Cristiano Casalini, a research scholar at Boston College’s Institute for Advanced Jesuit Studies, has been honored with the Joaquim de Carvalho Award from the University of Coimbra in Portugal for his book, Aristotle in Coimbra: Cursus Conimbricensis and Education at the Collegium Artium. Casalini’s publication is the first book to cover the history of both the College of Arts in Coimbra and the seminal work, Cursus Conimbricensis, the philosophical textbook published by the Jesuits of Coimbra at the end of the 16th century.
The Cursus Conimbricensis serves as the basis for modern Jesuit education and teaching. Casalini’s book focuses not only on the importance of the publication of the Cursus, but also on the institutional conditions and interpersonal relationships among stakeholders in the process.
"What I tried to do in my book was to use this Cursus as an archeological find, seeking in its late-scholastic neutral text the living history of those people who populated the college of Coimbra," said Casalini. "By doing this, I discovered an intriguing tangle of biographies of great professors (their academic conflicts), pedagogic strategies, political turmoil, and fantastically vivid traits of daily life in a sixteenth-century Jesuit college. Moreover, I found that Coimbra was actually what BC is now: a top Jesuit institution at the core of a worldwide educational network."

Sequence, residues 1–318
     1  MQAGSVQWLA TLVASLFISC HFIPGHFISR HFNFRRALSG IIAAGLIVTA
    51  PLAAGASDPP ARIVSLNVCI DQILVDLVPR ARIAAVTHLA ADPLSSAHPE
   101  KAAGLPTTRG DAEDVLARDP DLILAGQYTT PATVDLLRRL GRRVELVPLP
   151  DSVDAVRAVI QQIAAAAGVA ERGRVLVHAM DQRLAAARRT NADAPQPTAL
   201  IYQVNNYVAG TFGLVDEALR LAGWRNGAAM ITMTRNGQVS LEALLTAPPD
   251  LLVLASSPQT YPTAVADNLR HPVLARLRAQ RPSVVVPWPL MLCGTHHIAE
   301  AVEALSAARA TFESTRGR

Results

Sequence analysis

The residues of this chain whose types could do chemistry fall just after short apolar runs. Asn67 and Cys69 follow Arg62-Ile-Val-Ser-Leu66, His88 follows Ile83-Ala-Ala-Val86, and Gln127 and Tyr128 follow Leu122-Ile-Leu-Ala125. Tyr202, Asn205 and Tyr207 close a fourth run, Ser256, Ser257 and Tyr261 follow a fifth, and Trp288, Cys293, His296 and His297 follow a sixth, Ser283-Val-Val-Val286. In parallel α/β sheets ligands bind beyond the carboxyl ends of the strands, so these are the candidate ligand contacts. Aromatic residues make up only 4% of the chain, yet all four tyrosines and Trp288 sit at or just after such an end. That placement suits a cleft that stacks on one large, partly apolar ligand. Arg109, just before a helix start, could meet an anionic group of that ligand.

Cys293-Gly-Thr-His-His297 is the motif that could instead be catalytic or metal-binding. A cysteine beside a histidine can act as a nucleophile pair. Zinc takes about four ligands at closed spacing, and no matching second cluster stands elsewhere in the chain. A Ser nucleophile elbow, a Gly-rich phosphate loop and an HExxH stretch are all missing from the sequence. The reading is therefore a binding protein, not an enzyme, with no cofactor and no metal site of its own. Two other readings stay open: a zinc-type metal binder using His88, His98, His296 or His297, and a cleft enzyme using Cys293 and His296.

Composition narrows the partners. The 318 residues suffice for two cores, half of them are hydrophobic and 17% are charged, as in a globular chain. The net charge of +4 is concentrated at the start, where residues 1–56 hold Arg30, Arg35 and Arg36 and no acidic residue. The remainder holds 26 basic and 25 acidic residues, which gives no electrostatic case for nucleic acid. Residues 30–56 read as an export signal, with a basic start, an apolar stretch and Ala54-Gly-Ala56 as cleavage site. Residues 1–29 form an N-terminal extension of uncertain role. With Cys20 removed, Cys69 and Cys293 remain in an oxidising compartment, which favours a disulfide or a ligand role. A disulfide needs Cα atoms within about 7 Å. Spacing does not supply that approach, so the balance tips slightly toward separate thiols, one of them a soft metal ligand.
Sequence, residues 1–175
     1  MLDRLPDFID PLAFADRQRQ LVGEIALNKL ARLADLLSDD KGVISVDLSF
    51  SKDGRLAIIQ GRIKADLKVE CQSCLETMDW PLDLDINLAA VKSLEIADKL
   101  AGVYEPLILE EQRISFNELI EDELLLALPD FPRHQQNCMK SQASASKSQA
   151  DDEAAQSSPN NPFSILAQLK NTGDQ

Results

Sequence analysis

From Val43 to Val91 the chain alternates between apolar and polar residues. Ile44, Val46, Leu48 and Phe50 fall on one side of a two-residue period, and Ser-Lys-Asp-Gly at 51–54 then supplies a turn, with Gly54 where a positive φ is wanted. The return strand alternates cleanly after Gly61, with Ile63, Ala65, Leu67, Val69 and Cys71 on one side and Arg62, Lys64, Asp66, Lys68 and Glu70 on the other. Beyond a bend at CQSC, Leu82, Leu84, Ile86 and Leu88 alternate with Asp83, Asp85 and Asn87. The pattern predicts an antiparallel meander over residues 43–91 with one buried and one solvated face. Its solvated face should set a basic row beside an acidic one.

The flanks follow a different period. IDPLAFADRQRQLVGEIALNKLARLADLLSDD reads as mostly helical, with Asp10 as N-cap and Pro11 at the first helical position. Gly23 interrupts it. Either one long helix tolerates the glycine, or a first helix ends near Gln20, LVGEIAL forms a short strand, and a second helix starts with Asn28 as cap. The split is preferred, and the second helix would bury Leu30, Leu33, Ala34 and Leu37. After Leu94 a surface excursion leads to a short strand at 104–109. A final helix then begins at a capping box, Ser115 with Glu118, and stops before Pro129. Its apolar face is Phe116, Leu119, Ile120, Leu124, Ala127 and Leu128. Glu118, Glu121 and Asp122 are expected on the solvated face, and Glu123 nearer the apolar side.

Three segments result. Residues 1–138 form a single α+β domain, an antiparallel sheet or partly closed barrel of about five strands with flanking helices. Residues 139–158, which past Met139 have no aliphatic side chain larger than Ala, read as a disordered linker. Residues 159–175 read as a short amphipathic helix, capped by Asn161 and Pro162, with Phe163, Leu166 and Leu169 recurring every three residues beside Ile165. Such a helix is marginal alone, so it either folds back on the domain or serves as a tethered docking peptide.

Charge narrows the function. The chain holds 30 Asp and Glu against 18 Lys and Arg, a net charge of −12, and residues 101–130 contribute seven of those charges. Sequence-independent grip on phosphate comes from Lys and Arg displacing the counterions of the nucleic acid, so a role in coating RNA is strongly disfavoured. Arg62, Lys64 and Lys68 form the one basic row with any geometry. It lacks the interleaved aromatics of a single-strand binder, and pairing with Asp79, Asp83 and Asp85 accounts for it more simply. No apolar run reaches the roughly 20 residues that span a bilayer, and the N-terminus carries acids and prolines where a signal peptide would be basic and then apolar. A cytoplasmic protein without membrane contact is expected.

First published in 2012 in Italy under the title, Aristotele a Coimbra. Il Cursus Conimbricensis e l'educazione al collegium atrium, Casalini’s book has been translated into Portuguese and English. It was also awarded the Vito Fazio-Allmayer International Award in 2015.
Casalini is a tenured faculty at the University of Parma, who is spending his third year at BC. He previously was a visiting fellow at the Jesuit Institute, visiting fellow at the IAJS, and visiting assistant professor at the Lynch School of Education.
He is an associate editor of The Boston College Jesuit Bibliography and a member of the editorial board for Educazione. Giornale di pedagogia critica.
He also is co-editor, with Claude Pavur, S.J., of Jesuit Pedagogy, 1540-1616: A Reader, which offers—for the first time in English—a wide selection of relevant materials that shows the development of Jesuit approaches to pedagogy in theory and practice. The anthology brings about a better understanding of why Jesuit schools became such important educational institutions in early modernity.
-- Kathleen Sullivan/Office of University Communications